Some people find it odd to celebrate Valentine's Day with your family. The Adams family calls bullshit, we would also like to invite you to dinner because we love guests. When I was growing up we always made each other cards. My mom would let us pick out special paper, stickers, heart-shaped doilies, I reliably wanted a metric ton of glitter, then my sisters and I would craft. On the actual holiday we would exchange cards, my mom would give us a little present, then we would eat holiday dinner. Starting around the time I was twelve that dinner became cream of morel soup (dried from the previous Spring's woodland hunting), bread and cheese, and my mom would make a Black Forest cake for dessert. This cake takes two days to make and is four layers, it's a goddamn serious endeavor. Overall we came up with the most rich, decadent meal that we could think of, it's like we were aiming for gout. 

This Valentine's Day wasn't shaping up to be that awesome. I spent most of the last week dreading it actually. Then yesterday I walked into my favorite bar, to listen to one of my favorite musicians, and saw three of my favorite people get so excited to see me. Then we spent the next two hours laughing so hard it bordered on crying/screaming. So today I went back to the roots so to speak, I spent the day telling the people that I love just how amazing I think they are. You're in the mix too, dear readers whoever you might be, you are my ultimate Valentine this year and I'm so grateful to have ever made you laugh, or think, or remember your own weird stories. Happy Valentine's Day, you're the heart of gold. 


"If he's crazy, what does that make you?"

If a man is walking toward a woman and he wants to make a provocative comment to her as they pass one another, he's got just enough time to get out two words. I have noticed this lately in my own strolls up and down Chicago Avenue. One recent example took place as I walked past a man asking other people for money but to me he made some kissy noises and said, "Baby, please!" I turned half expecting him to complete the line with "don't go" but instead noticed that he was standing a couple of feet away from what was pretty clearly his own poop. I have seen this dude before...peeing on the corner of Damen and Chicago while wearing giant, yellow waders. Chicago Ave is his oyster and apparently the metaphorical shell reminds him of a toilet seat. As I kept walking I remembered a similar scene as I walked past "El Moderno Mexico" on Ashland and a man who was peeing against the building turned and said, "How you doin' mamacita?" While more than two words I give him points for a) continuing to pee and b) saying that to me while I had to step over his stream of urine as is pooled on the sidewalk. Every once in a while I forget that I have a beacon for truly crazy strangers but rest assured the beacon never waivers.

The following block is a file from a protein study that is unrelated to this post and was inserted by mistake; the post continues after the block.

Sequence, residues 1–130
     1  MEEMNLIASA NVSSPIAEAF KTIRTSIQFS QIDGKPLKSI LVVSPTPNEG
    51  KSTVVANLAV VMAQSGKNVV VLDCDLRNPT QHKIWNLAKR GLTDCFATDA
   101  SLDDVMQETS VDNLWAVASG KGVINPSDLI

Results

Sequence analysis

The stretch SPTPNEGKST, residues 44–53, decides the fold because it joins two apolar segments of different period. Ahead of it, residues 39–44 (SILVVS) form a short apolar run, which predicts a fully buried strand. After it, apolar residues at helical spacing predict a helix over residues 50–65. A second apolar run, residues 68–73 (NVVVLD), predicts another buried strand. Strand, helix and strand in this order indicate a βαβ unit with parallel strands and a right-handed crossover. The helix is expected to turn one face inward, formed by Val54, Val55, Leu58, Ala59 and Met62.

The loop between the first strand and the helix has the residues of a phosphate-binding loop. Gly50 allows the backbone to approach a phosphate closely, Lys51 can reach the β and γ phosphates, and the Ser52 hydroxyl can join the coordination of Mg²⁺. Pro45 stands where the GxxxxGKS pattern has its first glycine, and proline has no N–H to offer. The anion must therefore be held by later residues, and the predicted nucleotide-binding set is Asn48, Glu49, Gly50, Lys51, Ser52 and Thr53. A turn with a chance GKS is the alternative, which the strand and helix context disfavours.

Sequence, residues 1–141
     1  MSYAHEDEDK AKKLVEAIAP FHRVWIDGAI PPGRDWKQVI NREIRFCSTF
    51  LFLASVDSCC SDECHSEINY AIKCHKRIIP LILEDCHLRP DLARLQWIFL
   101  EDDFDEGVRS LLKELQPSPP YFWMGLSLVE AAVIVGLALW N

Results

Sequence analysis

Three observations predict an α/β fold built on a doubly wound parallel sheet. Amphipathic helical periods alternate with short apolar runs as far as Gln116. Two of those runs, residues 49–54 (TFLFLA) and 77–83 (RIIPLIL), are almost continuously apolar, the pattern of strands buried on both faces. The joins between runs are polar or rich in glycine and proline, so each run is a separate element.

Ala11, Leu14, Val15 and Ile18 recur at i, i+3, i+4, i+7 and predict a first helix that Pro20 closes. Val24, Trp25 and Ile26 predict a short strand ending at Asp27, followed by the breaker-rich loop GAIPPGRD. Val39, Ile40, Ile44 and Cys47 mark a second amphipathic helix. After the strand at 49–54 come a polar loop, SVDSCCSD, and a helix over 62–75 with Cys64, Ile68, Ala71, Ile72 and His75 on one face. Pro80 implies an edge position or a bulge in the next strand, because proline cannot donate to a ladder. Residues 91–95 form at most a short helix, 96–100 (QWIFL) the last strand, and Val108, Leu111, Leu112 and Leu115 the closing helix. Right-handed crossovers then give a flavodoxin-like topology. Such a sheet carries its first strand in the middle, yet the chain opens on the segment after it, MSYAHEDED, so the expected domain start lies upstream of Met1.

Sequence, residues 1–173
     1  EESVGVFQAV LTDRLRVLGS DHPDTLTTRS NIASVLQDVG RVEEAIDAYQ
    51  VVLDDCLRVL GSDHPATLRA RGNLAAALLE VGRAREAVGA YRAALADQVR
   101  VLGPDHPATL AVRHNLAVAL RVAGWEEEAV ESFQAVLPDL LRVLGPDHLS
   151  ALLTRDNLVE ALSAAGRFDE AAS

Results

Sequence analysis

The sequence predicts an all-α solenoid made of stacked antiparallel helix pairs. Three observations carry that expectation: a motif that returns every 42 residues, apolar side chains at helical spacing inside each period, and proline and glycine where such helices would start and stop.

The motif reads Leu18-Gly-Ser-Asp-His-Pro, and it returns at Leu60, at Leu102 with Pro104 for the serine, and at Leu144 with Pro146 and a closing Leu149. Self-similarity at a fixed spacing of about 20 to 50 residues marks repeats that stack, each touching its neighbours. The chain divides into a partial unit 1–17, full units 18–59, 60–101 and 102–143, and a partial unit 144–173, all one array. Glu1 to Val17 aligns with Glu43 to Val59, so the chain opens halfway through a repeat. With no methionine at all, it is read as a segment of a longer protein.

This started when I had my first few jobs in downtown Kalamazoo. In the center of the downtown area is the Rickman House which is a half-way house for mentally disabled adults. At any given time there was an amazing cast of characters roaming the city. One wore a huge feather headdress, and referred to himeself as The Chief (no, he was not aware he was making a reference to "One Flew Over the Cuckoo's Nest"). One man was dressed as Uncle Sam complete with wig and flag and would propose marriage to every woman he saw. There was a very large woman who would often, I saw it more than three times, get naked and dance to her reflection in front window of one particular store (hilariously named The Mole Hole). Since I worked in coffee shops in Kalamazoo for years, if there is one thing crazy people like to do it is drink coffee for a million hours, I got to know my regulars very well. More than my fellow employees I started to notice that I was the one that they sought out and cornered with their poetry for hours. To be honest, they were just more interesting and much funnier than the majority of college kids that were also hanging out. Therein is the source of the beacon. People who are continually met with dismissal when they try to start a conversation are keenly aware of when there is a window in a listener. Let me state for the record that I have no poker face for anything, ever, at all, so whenever someone says something bonkers the window blows open. Like when a man said to me, "I would drink your bathwater!" I said, "That's disgusting!" Then we both laughed and walked away.

At this point in my life the people who know me the best, who have known me the longest say things like, "You have more weird interactions with strangers than anyone I've ever met." That is actually a quote directly following this example: while walking down Division I was mid-sentence with my companion when the homeless Rastafarian passing us held up his hand, we high-fived, and I continued my story without missing a beat.